Glasgow: A Sporting Legacy for Wales?

8 Aug

One of the big issues in our schools is how education, and educators, can play a role in tackling the obesity crisis. We know that getting children involved with sport at a young age is crucial to their long-term physical development.  If children have a healthy relationship with sporting endeavours throughout their school lives they are far more likely to remain physically active after they leave.  This investment in sport not only helps in terms of reducing obesity related illnesses but it develops the often hard to measure personal skills that most teachers are very focused on, and that are crucial for life after leaving school.  These include leadership qualities, team-work, problem solving and communication skills amongst other benefits.  None of this should start or end at the school gate of course, but the is undoubtably a real opportunity to maximize the engagement levels during the school day.

Most people in Wales have been pretty engrossed in the Commonwealth Games over the past few weeks.  Any major championship usually, in the short-term at least, acts as a catalyst to increased participation in sports.  The fact that we were actually looking at distinctly Welsh branded athletes will have helped even more in capturing the imagination.  What is more, that some of the Welsh medals came in sports you would not usually see given prime-time exposure is a real bonus.  Often where teachers have often found difficulty in engaging students it has been due to “traditional” sports not appeal to them.  These games, through the likes of Frankie Jones in Rhythmic Gymnastics, Natalie Powell in Judo and Craig Pilling in Wrestling, have exposed a generation of individuals to the idea of taking up sports they may never previously have considered.  The very fact that so many Welsh athletes, winners or not, have reached a high competitive level across the range of events is inspirational alone.

However, If we expect Glasgow to deliver a lasting legacy perhaps we need to think again.  While Geraint Thomas, Jazz Carlin, Georgia Davies et all continue to be, or will go on to be, household names, at a grassroots level we do have to face up to the future.  Austerity measures are cutting our local services.  Public leisure centres are being downgraded, privatised or shut completely.  The upkeep of playing fields are being neglected while the cost to hire for them is being increased.  Access to the sort of facilities we need to ensure remain commonplace if we are to entice the next generation of medalists to take up sports is becoming increasingly constrictive.

We can, and should, of course be more creative.  Less money doesn’t always mean there are no options.  I have previously blogged on how we can utilise our school buildings in different ways to try to create community spaces where they do not currently exist.  Still, there can be no underestimating what the cuts to provisions at a local level will mean to participation figures.

No one is suggesting that any services are completely off-limits.  Let’s be realistic, it is hard to say we do not want slashing cuts to our education and/or health services while expecting all the local authorities libraries, sport centres or parks to remain untouched.  That being said there is an invest to save argument.  What impact will reducing the ability of engaging children in sport, and the lifelong passion for health and nutrition that goes with it, have on our education and health services in the longer term?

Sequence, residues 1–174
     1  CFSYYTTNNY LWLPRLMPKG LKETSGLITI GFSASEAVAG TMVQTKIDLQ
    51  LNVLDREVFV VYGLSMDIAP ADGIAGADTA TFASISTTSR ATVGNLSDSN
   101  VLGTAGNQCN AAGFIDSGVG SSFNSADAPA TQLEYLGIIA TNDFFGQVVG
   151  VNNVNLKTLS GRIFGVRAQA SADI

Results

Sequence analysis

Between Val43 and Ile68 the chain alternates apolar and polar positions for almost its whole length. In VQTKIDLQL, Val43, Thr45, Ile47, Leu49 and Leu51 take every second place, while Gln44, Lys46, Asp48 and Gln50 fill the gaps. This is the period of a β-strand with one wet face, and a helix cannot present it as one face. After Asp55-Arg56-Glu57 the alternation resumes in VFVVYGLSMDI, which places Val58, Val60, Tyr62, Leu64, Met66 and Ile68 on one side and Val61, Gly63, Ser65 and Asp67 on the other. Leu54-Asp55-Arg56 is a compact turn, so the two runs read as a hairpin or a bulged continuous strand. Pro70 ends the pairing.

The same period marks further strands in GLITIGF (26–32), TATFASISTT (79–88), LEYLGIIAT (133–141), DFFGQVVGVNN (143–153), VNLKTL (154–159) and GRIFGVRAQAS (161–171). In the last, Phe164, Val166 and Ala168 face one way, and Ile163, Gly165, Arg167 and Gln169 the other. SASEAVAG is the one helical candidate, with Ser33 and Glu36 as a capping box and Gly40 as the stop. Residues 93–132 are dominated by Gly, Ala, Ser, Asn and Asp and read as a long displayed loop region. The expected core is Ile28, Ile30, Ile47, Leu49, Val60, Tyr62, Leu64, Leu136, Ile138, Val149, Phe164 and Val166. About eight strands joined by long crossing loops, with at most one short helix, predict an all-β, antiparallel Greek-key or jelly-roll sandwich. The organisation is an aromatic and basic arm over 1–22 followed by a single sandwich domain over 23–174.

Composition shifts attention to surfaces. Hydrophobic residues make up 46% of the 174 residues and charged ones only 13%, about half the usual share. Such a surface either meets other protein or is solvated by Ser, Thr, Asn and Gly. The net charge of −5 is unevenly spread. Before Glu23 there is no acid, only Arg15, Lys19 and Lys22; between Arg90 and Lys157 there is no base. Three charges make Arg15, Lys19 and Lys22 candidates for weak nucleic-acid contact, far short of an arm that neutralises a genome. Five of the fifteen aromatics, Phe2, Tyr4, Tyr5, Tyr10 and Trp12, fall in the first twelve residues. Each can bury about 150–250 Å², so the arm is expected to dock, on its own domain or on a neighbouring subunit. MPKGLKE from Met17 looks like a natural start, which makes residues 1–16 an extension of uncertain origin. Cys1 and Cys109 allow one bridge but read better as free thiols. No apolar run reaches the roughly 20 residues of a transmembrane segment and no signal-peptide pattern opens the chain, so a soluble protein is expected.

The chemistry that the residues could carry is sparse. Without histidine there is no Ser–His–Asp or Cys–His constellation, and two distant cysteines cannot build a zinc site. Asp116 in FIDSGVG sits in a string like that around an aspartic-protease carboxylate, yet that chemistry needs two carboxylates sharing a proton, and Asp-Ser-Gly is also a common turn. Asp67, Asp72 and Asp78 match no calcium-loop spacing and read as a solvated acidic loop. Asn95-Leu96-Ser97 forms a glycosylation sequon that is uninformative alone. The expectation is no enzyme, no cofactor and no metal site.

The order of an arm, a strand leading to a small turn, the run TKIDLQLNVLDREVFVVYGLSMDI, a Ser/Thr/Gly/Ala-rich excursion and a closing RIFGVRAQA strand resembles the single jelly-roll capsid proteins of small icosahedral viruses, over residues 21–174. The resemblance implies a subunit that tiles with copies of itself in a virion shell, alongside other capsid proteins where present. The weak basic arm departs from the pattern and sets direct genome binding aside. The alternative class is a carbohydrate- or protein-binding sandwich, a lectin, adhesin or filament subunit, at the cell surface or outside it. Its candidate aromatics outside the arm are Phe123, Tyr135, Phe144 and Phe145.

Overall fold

At a school level sporting facilities have always been squeezed but that is only going to be more and more difficult.  The intensive drive towards a focus of literacy and numeracy does have an impact on other areas of education.  That isn’t to underestimate the absolute need to ensure that literacy and numeracy is a priority in our schools. They are and should be.  However, we have reached a point in Wales where they are slowly becoming the only thing that matter.  Resources for schools in general are sparse and very often, rightly or indeed wrongly, it is the creative arts that suffer.  Those subjects that are not part of the core curriculum are marginalised.  Drama, music and sport are the casualties of the PISA approach to education.

We can also look at the issue of workload for teachers.  The ever-increasing pressures placed on practitioners make it more and more difficult for them to give up what free time they already have.  Given a large proportion of those running after school sports clubs are teachers this does cause a lot of problems in ensuring such community activities can continue to be offered.

Sport Wales have two clear and ambitious objectives.

1. To create a Nation of Champions

2. To ensure that every child is hooked on sport for life.

It is fair to say that in respect of the first objective the organisation is well on its way to establishing Wales as relative powerhouse.  Per head of population Wales was the best performing nation in the UK competing at the Commonwealth games and its sporting performance in general terms far outweighs the expectations a nation of just 3 million individuals could expect.  However, Sport Wales cannot expect to achieve the second ambition unless we all recognise the barriers that are being placed in front of development at a grassroots level.

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